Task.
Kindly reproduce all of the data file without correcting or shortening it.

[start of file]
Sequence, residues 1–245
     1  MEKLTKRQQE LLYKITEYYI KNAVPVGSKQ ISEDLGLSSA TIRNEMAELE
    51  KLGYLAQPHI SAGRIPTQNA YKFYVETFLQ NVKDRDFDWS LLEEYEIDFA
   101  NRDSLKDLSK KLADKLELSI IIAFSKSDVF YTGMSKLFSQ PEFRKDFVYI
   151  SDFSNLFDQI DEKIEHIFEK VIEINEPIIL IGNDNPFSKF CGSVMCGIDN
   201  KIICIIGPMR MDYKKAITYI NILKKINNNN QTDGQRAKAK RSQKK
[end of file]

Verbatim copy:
Sequence, residues 1–245
     1  MEKLTKRQQE LLYKITEYYI KNAVPVGSKQ ISEDLGLSSA TIRNEMAELE
    51  KLGYLAQPHI SAGRIPTQNA YKFYVETFLQ NVKDRDFDWS LLEEYEIDFA
   101  NRDSLKDLSK KLADKLELSI IIAFSKSDVF YTGMSKLFSQ PEFRKDFVYI
   151  SDFSNLFDQI DEKIEHIFEK VIEINEPIIL IGNDNPFSKF CGSVMCGIDN
   201  KIICIIGPMR MDYKKAITYI NILKKINNNN QTDGQRAKAK RSQKK